Martin Luther King, Jr.’s Dream measured 50 years after his assassination
School of City and Regional Planning Associate Professor Nisha Botchwey has a special relationship with the vision presented by Martin Luther King, Jr. during his “I Have a Dream” speech in 1963. Together with Andrea Young, Botchwey began the Measuring the Dream Project three years ago. The goal of the project is to inspire activists and scholars to recommit themselves to the substance of Dr. King’s vision for peace, justice and equality for all people.
Measuring the Dream aims to record the progress made towards achieving the dream laid out by Dr. King 50 years ago through data analysis. Data reveals that not enough has changed. The data deals with health, wealth, education and more, looking at where black Americans are in relation to whites.
“Fifty years later we should be at 1 [parity], not because whites in America are doing worse, but because blacks in America are doing better,” Botchwey explained.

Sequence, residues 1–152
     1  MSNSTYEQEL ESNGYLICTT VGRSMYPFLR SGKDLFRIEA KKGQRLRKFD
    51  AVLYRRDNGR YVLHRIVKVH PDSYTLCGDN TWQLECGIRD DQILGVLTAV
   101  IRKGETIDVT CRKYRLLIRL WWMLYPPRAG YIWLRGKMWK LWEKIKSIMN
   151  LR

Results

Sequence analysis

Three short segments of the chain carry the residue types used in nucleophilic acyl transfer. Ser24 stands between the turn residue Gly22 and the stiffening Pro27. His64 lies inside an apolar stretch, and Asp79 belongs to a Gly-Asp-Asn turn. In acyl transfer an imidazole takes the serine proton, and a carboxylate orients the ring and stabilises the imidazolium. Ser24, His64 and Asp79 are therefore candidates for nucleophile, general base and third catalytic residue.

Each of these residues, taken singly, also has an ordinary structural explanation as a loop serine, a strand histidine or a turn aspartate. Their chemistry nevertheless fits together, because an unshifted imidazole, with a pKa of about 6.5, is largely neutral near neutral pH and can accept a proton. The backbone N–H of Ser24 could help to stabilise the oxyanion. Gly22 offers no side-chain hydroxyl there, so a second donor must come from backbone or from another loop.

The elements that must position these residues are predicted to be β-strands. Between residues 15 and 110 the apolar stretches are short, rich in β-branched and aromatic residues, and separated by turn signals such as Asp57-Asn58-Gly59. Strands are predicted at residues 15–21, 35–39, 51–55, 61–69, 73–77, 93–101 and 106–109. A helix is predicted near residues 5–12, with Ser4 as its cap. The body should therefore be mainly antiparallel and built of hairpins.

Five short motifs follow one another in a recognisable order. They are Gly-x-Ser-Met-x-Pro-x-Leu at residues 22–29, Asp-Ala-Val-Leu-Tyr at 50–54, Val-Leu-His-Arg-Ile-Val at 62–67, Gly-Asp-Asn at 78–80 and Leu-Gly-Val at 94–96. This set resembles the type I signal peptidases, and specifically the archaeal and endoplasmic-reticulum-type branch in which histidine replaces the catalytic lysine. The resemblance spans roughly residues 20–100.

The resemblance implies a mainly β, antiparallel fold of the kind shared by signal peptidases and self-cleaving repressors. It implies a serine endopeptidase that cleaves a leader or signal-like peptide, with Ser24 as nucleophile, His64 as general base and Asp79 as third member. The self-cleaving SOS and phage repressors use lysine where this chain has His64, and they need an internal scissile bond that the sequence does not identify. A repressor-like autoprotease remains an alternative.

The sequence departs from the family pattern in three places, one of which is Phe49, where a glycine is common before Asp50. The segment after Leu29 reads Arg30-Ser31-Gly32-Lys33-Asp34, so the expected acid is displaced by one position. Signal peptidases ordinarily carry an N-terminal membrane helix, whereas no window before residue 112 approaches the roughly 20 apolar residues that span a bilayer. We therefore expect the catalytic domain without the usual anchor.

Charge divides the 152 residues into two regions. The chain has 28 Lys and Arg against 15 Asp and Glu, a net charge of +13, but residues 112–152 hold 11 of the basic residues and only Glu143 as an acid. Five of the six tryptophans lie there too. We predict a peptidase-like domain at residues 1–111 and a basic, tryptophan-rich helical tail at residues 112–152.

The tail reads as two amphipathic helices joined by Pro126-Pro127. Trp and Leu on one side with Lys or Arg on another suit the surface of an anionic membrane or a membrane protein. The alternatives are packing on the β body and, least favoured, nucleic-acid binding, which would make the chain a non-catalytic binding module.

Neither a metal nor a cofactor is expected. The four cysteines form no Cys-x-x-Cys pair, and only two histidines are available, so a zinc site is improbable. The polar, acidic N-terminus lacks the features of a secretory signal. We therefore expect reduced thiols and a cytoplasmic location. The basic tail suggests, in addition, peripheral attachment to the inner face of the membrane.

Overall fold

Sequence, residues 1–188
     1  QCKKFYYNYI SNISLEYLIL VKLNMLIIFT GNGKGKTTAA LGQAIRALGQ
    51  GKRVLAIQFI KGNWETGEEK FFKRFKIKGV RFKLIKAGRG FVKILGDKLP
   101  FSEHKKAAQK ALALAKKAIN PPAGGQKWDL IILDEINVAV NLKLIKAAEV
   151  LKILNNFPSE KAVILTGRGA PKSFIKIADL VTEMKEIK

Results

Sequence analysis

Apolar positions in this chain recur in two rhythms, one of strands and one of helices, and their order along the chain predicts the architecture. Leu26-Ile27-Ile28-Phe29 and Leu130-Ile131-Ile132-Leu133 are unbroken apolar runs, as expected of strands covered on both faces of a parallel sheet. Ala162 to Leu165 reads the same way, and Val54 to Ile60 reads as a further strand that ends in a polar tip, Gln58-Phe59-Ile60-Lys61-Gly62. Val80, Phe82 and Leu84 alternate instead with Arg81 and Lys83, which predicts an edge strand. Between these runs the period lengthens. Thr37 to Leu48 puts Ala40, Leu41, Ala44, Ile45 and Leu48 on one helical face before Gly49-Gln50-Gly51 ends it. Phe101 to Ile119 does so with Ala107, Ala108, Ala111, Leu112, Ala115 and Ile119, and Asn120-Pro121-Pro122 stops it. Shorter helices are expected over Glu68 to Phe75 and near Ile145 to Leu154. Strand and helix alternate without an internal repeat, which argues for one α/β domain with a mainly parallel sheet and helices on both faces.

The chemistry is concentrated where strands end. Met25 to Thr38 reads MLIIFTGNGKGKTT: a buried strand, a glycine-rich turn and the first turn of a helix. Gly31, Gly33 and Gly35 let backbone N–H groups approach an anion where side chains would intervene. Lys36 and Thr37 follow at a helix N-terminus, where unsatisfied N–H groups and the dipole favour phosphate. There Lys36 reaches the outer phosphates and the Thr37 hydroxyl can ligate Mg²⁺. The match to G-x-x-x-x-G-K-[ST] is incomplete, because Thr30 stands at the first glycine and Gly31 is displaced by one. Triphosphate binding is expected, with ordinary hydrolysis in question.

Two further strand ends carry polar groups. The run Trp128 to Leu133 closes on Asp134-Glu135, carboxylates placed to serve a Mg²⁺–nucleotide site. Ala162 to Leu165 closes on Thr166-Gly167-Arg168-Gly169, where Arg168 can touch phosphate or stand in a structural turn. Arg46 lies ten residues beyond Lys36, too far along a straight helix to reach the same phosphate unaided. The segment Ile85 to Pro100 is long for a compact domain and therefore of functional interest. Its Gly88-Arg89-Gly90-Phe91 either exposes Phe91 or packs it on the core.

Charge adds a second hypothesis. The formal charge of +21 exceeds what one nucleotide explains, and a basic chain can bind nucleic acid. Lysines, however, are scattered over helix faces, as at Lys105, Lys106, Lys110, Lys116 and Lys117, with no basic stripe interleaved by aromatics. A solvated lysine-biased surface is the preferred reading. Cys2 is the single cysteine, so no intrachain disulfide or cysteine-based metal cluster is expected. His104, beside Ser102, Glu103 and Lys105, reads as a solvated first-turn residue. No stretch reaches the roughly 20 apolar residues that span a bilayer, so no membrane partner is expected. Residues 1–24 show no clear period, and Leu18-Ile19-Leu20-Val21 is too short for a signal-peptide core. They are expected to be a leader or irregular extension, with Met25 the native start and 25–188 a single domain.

The concern is not just with black Americans, but with equity in our society as a whole. “The educational, economic and racial divide is as pronounced as ever -- giving rise to groups like Black Lives Matter and inspiring women, LGBTQ and other groups to rally for equal treatment under the law,” Botchwey and Young said. “Cries for affordable housing, quality schools, LGBTQ/Trans rights have become a mainstay in today’s political climate.”
On March 15, the Measuring the Dream Symposium took place, gathering prominent community leaders to review research data with a discussion on how far we’ve come and how far we have to go. The Symposium was held at the First Congregational Church in Atlanta. It featured a panel consisting of those who worked alongside Dr. King and other community leaders including: Ambassador Andrew Young, Bernard Layfette, Representative Park Cannon, and Mary Hooks.
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